BING(8)            UNIX System Manager's Manual           BING(8)

       bing  -  compute point to point throughput using two sizes
       of ICMP ECHO_REQUEST packets to pairs of remote hosts.

       bing [dDnrRPvVwz] [-c count] [-e samples] [-f samplefile]
       [-i wait] [-p pattern] [-s small packetsize] [-S big pack-
       etsize] host1 host2 [...]

       Bing determines bandwidth  on  a  point-to-point  link  by
       sending  ICMP  ECHO_REQUEST  packets  and  measuring their
       roundtrip times for different packet sizes on each end  of
       the link.

       host1 is supposed to be the nearest end of the link, while
       host2 is the other end.

       The options are as follows:

       -c count
            Stop after count resets of the stats. Useful only  in
            conjunction with the -e option. Defaults to 1.

       -d   Set the SO_DEBUG option on the socket being used.

       -D   Display  the  measured  throughput  at every received
            packet. By default, it is  displayed  only  when  the
            computed  value  changes,  which  itself changes only
            when the minimum roundtrip time for one of the packet
            sizes changes.

       -e samples
            Reset  stats after sending samples ECHO_REQUEST pack-

       -f samplefile
            Saves the bandwidth measurements to the file  sample-

       -i wait
            Wait  wait  seconds  for  each ECHO_REPLY packet. The
            default is to wait for four seconds.

       -n   Numeric output only.  No  attempt  will  be  made  to
            lookup symbolic names for host addresses.

       -P   Be pedantic regarding round-trip times.

            Normally,  bing assumes that the roundtrip time for a
            small  packet  should  always  be  smaller  than  the
            roundtrip  time  for  a  big packet to the same host,
            that for a given size the roundtrip  time  for  host1
            should  always be smaller than the roundtrip time for
            host2, and that the increase in  the  roundtrip  time
            between  host1  and host2 should always be bigger for
            big packets than for small packets.

            bing takes advantage of this to better determine  the
            minimum roundtrip times.

            Option  -P  disables  this behaviour, in the unlikely
            event it could be of any  use  someday.  Even  IP/X25
            links are not weird enough to require this, though.

       -p pattern
            You  may  specify  up to 16 ``pad'' bytes to fill out
            the packet you send.  This is useful  for  diagnosing
            data-dependent  problems  in a network.  For example,
            ``-p ff'' will cause the sent  packet  to  be  filled
            with all ones.

       -R   Record route. Includes the RECORD_ROUTE option in the
            ECHO_REQUEST packet and displays the route buffer  on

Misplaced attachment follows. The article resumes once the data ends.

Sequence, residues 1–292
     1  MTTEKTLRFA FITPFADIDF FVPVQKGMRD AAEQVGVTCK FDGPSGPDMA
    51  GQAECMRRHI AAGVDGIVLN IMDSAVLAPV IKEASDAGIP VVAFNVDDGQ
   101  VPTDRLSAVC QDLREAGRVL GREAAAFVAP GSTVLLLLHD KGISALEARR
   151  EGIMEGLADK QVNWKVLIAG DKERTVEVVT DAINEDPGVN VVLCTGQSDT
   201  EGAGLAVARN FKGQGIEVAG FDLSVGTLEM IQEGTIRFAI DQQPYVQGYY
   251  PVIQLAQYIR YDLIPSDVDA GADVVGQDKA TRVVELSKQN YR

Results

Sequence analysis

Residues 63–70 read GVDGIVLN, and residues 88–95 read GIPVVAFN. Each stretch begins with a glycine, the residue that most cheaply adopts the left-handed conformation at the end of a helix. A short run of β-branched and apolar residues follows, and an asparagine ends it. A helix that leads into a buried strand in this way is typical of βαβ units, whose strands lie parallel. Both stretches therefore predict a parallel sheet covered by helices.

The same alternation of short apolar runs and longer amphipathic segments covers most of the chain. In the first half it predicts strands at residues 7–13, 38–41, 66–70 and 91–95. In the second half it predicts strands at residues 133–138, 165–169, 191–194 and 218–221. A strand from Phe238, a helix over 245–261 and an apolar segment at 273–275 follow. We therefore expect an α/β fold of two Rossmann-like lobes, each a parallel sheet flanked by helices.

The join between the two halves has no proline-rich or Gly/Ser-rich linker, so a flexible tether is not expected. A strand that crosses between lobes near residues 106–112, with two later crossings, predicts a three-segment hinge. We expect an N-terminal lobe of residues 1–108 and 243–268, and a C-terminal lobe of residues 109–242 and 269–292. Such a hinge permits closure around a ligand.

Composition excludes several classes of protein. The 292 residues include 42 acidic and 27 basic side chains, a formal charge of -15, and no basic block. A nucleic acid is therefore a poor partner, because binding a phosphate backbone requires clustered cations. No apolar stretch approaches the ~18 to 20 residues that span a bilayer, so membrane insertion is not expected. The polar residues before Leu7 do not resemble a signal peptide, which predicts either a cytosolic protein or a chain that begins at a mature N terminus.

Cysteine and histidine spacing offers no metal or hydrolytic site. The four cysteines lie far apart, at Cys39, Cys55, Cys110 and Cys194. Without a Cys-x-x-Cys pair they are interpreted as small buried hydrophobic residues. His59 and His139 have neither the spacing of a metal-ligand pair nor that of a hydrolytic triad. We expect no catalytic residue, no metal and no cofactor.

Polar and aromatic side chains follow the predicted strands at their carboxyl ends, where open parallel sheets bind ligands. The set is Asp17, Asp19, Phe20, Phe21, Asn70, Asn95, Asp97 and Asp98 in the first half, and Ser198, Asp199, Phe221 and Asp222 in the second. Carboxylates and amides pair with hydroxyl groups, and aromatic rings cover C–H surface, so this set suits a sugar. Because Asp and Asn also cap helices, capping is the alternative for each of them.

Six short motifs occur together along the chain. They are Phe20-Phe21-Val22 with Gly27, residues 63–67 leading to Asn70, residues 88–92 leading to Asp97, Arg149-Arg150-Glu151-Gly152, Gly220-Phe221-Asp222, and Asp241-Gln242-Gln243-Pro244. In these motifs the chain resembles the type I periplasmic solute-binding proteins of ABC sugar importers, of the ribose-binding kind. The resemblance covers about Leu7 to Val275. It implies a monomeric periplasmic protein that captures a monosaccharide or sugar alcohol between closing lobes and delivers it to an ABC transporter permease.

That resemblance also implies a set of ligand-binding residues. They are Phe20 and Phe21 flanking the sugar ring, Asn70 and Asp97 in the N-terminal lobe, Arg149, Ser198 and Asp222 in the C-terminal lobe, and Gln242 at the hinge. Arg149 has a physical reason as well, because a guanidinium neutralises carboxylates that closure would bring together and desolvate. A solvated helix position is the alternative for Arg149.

returned  packets.  Note  that  the IP header is only
            large enough for nine such routes. Many hosts  ignore
            or discard this option.

       -r   Bypass the normal routing tables and send directly to
            a host on an attached network. If the host is not  on
            a  directly-attached  network,  an error is returned.
            This option can be used to ping a local host  through
            an  interface  that  has  no  route through it (e.g.,
            after the interface was dropped by routed(8)).

       -s small packetsize
            Specifies the number of data bytes to be sent in  the
            small packets. The default and minimum value is 44.

       -S big packetsize
            Specifies  the number of data bytes to be sent in the
            big packets. The default is 108. The size  should  be
            chosen  so  that  big packet roundtrip times are long
            enough to be accurately measured (depending on  clock
            resolution and number of hops).

       -u size increment
            Specifies  that  bing should start sending packets of
            the size of small packetsize and  then  increase  the
            size  by  size increment until it reaches big packet-

       -v   Verbose output. ICMP packets other than ECHO_RESPONSE
            that are received are listed.

       -V   Very  verbose  output.  The  roundtrip  time  of each
            received echo is displayed.

       -w   Display possible warnings about roundtrip  times  all
            the  time.   By default, warnings are printed only at
            the end.

       -z   Fill  packets  with  uncompressible   (pseudo-random)

       Round-trip  times and packet loss statistics are computed.
       If duplicate packets are received, they are  not  included
       in  the  packet  loss calculation, although the round trip
       time of these packets is used  in  calculating  the  mini-
       mum/average/maximum  round-trip  time  numbers.  When  the
       specified number of loops have been made or if the program
       is terminated with a SIGINT, a brief summary is displayed.

       This program is intended for use in network testing,  mea-
       surement and management. Because of the load it can impose
       on the network, it is unwise to  use  bing  during  normal
       operations or from automated scripts.

       Many Hosts and Gateways ignore the RECORD_ROUTE option.

       The maximum IP header length is too small for options like
       RECORD_ROUTE to be completely  useful.  There's  not  much
       that that can be done about this, however.

       Some of the final stats (average throughputs) almost never
       give a even marginally correct result.

       netstat(1), ifconfig(8), ping(8), routed(8), traceroute(8)

       Pierre Beyssac <>

       Port to Windows: Francois Gouget <> This page is hosted for free by